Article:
I hate to wax poetic but to me this rum exhibits a kind of romance between a maiden of the fields with a hot Cuban lover. The lovely maiden appears first, then her ardent lover explodes onto the scene. The scene ends with both the maiden and her lover wrapped in each other's arms.

Did I say that? I did. And it is quite true. Westerhall is truly a rum of two worlds, extremely smooth yet surprisingly robust - both a cane juice and a golden molasses rum in a lovely blend and harmony, and proving to be - surprisingly - consistent.

Rating: Sue Sea - 10, Jimbo - strong 8.

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Joined: 26 Nov 2012
Posts: 139
Location: Cleveland

PostPosted: Tue Jan 01, 2013 8:13 pm    Post subject: Reply with quote

This is one of my top three favorite rums. I was traveling and it was a decision between the Dos Maderas 5+3. Since I prefer to sip the Ron Matusalum over the MGXO, I went with this part Cuban style over the Barbadian. I am really glad that I did.
Rum Reviews Rankings and Cheat Sheet
References: MGXO, R Mat. GR, Scar Ibis, Apple 12, Barb 5, Pusser's, Wray and Neph, ED 15, 10Cn, West Plant, R Barc Imp.
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Posts: 139
Location: Cleveland

PostPosted: Wed Feb 06, 2013 6:01 pm    Post subject: Reply with quote

I was sipping some last night and remarked on how it smelled very sweet. Sipping it seemed very smooth also. I was reading about how they don't distill their rum anymore. They source it from Angostura among other distilleries and basically blend and age the rum. It got me wondering that since Angostura adds sweeteners to their rums, does Westerhall do it also? I don't have any twiggy rums to reference. I'd love your thoughts.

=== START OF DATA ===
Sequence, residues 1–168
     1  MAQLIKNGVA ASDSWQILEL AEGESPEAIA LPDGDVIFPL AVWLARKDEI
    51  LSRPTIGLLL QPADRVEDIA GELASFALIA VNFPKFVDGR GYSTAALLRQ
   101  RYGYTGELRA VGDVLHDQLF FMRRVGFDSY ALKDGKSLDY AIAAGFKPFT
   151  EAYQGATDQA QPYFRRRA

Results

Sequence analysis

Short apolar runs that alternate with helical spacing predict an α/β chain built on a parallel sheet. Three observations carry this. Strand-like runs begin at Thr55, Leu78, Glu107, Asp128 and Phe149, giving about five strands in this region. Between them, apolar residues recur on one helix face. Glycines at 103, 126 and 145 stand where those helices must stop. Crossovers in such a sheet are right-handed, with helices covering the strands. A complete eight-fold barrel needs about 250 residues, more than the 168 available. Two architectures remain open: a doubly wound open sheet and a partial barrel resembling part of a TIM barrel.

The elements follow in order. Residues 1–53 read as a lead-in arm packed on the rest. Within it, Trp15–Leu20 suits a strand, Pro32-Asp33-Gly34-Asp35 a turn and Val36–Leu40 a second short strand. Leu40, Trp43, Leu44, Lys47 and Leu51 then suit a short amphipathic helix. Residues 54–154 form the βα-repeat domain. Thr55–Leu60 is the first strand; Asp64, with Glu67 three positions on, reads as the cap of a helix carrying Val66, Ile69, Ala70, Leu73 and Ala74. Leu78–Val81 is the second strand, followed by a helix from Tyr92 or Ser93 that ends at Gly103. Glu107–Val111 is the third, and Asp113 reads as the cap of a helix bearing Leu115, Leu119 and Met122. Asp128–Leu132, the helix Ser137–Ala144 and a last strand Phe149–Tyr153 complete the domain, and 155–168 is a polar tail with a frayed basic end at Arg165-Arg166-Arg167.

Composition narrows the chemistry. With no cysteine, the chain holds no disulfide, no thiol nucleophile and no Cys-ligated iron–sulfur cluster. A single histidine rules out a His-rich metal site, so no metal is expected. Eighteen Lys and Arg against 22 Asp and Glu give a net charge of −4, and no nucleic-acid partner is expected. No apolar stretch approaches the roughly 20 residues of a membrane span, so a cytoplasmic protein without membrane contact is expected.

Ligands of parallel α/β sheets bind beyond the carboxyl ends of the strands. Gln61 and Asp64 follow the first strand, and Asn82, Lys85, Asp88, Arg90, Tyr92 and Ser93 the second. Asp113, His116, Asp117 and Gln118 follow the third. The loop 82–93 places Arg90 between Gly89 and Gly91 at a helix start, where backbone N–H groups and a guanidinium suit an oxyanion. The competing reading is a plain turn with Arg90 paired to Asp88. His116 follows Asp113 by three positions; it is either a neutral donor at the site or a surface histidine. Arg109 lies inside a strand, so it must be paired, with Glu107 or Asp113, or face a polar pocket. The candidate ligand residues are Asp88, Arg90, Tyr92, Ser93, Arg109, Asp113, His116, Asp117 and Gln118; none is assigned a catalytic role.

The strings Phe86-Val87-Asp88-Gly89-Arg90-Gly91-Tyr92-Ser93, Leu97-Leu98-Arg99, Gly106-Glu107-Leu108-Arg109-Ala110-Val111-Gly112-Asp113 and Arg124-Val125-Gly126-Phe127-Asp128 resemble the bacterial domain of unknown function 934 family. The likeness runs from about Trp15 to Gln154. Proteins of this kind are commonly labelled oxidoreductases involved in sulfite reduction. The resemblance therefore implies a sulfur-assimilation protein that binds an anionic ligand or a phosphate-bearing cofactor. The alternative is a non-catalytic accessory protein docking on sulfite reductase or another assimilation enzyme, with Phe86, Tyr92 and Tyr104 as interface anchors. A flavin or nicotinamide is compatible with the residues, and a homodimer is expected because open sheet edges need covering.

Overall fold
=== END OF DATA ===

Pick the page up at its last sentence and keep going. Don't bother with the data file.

Rum Reviews Rankings and Cheat Sheet
References: MGXO, R Mat. GR, Scar Ibis, Apple 12, Barb 5, Pusser's, Wray and Neph, ED 15, 10Cn, West Plant, R Barc Imp.
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King of Koffee

Joined: 13 Nov 2012
Posts: 155
Location: Atlanta and points south

PostPosted: Wed Feb 06, 2013 6:42 pm    Post subject: Reply with quote

Most poetic review of all time from the crusty pair AND a Sue 10 - I'm, looking for it!

EDIT: Well, I finally picked up a bottle of this - batch 21105 - and WOW!!!

Nice bottle filled with rum not much darker than winter straw. Upon pouring there is a rich aroma of, yes, I'll say it, powerful light honey, with a bit of lemon and clove hiding in the background. After airing, the opening taste is again powerful honey BUT without the least hint of sweetness - nothing clinging to tongue or palate - just pure essence of light honey. There is still a bit of citric tartness in the background. As the honey fades, the moderately long finish opens to gum-numbing, ass-kicking white pepper with a bit of black pepper and clove(?) lurking in the back ground.

I love it!

One note - as a very dry rum, this requires airing. Otherwise, as I found on an early sip, it tends to finish with more than desirable bitterness.